Data could be what Ford sells next as it looks for new revenue
PHOEBE WALL HOWARD | Detroit Free Press
As Ford Motor Co. works to navigate a global reorganization effort that is certain to include significant job reductions, one way forward could lie in Ford Credit — and the consumer data it collects.
More than $1 in $3 in profit is coming not from car or truck sales but the finance entity that makes loans to more than 5,000 car dealers and 4 million customers, mostly in the United States and Canada.
That’s up from $1 in $4 in 2017, according to regulatory documents.
Potential clues to the future path of Ford can be provided partly by Facebook, which has illustrated to shareholders the value of using customers’ personal information to earn billions. Advertisers buy not the customer information itself but access to the consumer based on data about their lifestyle.
Last week, Ford announced the purchase of the electric scooter company Spin, an acquisition that brings with it a new trove of data about how people travel. The value of the company may be less in the hardware than the tracking that goes along with use of the scooters — When do people travel? What are key travel routes? What days of week see the most use?
A Nov. 8 news release announcing the scooter purchase explicitly noted that the carmaker would share user data with partner cities.
Data mining has proven to be a highly lucrative revenue stream.
General Motors recently tracked the habits of 90,000 drivers in Chicago and Los Angeles who agreed to have their car radio listening habits tracked to assess the potential relationship between what they listen to and what they buy.
In recent days, Ford CEO Jim Hackett gave a glimpse into what sounds like a potentially massive data mining plan. His remarks were made during a Freakonomics Radio interview for a podcast released Nov. 8.
“We have 100 million people in vehicles today that are sitting in Ford blue-oval vehicles. That’s the case for monetizing opportunity versus an upstart who maybe has, I don’t know, what, they got 120, or 200,000 vehicles in place now. And so just compare the two stacks: Which one would you like to have the data from?” Hackett said, according to the podcast transcript.
“The issue in the vehicle, see, is: We already know and have data on our customers. By the way, we protect this securely; they trust us,” Hackett said. “We know what people make. How do we know that? It’s because they borrow money from us. And when you ask somebody what they make, we know where they work, you know. We know if they’re married. We know how long they’ve lived in their house because these are all on the credit applications. We’ve never ever been challenged on how we use that. And that’s the leverage we got here with the data.”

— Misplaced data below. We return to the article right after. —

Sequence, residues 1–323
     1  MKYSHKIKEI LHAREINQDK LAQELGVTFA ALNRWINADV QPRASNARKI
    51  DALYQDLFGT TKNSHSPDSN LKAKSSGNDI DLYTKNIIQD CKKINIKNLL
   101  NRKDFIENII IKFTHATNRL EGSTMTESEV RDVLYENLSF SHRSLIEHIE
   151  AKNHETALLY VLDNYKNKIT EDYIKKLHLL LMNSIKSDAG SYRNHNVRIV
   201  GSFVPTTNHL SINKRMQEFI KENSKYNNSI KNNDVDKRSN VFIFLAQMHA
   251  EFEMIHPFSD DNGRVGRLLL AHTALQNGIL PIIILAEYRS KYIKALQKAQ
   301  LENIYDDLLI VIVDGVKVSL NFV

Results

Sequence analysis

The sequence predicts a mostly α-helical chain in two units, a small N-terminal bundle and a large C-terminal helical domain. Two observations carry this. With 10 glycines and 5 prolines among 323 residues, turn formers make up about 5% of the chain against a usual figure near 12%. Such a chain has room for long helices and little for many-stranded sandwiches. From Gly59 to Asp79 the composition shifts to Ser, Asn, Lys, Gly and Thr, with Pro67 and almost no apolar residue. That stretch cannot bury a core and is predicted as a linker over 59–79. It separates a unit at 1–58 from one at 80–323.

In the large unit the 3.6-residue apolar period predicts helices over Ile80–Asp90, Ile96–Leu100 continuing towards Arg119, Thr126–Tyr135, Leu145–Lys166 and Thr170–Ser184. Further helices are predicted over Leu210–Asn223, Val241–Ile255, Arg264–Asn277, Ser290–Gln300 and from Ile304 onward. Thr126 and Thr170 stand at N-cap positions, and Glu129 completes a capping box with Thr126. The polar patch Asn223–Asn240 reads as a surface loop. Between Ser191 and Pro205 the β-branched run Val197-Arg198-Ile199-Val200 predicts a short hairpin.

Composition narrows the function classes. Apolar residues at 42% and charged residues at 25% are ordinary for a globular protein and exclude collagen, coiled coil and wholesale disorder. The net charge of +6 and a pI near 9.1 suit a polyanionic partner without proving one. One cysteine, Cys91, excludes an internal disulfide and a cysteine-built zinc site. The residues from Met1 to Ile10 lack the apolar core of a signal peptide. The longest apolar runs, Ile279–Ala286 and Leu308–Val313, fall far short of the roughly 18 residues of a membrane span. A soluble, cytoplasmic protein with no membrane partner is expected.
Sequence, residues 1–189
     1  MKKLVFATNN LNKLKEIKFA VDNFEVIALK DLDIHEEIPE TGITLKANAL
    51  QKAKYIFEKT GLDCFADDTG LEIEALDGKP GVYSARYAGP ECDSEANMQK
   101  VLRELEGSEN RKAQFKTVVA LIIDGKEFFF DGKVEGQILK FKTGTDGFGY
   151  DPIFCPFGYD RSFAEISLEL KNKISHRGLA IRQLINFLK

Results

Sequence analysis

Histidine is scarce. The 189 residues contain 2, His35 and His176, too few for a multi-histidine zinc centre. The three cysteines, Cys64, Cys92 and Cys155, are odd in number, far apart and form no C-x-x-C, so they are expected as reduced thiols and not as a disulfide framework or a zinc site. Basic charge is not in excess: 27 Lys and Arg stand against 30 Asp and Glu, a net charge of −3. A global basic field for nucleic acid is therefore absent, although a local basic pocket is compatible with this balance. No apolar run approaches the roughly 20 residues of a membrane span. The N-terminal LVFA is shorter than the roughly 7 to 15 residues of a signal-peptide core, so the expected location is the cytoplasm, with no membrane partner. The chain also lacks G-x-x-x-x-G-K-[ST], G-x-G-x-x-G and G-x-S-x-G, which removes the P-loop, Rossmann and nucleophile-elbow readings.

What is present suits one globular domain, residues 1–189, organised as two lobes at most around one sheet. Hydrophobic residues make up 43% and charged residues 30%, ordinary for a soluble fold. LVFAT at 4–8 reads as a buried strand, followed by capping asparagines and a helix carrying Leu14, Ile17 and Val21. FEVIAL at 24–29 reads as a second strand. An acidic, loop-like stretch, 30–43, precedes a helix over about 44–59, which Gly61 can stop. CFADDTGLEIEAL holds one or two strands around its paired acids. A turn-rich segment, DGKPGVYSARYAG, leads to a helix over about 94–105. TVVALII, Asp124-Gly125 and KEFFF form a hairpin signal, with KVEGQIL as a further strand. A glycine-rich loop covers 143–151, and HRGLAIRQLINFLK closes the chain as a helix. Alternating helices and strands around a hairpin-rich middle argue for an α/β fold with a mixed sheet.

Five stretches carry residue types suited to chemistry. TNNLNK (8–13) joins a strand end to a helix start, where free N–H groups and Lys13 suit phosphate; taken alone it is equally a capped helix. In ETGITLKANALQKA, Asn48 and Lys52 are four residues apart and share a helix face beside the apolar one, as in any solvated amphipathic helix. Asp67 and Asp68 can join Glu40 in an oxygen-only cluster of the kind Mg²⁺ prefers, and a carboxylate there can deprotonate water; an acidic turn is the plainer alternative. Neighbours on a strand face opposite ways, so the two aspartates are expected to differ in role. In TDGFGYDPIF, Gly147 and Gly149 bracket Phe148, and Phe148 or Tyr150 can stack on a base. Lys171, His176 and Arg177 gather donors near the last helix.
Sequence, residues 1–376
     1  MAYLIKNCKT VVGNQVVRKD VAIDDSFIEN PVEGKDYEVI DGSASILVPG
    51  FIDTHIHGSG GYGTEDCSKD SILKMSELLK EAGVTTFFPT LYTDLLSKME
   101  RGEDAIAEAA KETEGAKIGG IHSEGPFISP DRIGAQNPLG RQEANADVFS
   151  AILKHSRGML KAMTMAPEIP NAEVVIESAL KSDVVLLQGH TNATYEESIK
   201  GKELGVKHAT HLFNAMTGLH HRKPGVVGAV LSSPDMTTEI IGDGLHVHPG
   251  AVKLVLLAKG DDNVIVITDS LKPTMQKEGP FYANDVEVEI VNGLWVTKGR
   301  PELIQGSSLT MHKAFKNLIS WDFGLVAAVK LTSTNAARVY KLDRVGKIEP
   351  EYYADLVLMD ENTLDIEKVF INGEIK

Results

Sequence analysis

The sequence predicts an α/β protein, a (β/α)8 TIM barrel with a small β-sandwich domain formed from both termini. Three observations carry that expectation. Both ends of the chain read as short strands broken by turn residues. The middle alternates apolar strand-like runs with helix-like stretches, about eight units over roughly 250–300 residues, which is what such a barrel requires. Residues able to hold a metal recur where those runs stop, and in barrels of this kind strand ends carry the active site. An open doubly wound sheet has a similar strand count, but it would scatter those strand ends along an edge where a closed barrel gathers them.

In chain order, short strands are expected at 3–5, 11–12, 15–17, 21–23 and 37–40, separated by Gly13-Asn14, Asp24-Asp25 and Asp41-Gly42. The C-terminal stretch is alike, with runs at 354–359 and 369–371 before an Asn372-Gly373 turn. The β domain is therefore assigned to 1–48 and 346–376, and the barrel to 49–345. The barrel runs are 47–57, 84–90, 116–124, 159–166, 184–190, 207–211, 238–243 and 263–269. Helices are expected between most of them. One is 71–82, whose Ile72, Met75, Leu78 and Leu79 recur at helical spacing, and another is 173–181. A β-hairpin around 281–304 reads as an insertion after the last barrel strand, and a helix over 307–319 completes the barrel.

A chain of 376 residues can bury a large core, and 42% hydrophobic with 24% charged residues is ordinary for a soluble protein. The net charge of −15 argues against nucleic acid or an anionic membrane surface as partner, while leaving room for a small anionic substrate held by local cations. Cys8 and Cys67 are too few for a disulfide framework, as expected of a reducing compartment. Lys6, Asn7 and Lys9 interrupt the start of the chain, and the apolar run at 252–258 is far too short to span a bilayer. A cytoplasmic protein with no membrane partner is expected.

Ford Credit has provided financing since 1959 to customers to buy or lease Ford or Lincoln vehicles. The company also finances dealer vehicle inventory and capital loans for dealership improvements, along with other products and services to customers and dealers.
Cash flow staggering
The cash flow, which rarely gets much media attention, is staggering by any objective measure.
So far in 2018, Ford Credit has accounted for 35 percent of Ford profits, or nearly $2 billion of $5.5 billion in total profit, according to company documents filed with the U.S. Securities and Exchange Commission. That’s up from last year, when Ford Credit generated 24 percent of Ford profits or $2.3 billion of $9.6 billion total.
But their financial picture is changing.
“Automakers will lose money on electric cars for years to come. None of them knows exactly how they’re going to make money on autonomous cars,” said John McElroy, a veteran industry observer and host of Autoline.tv. “But they could make a fortune monetizing data. They won’t need engineers, factories or dealers to do it. It’s almost pure profit.”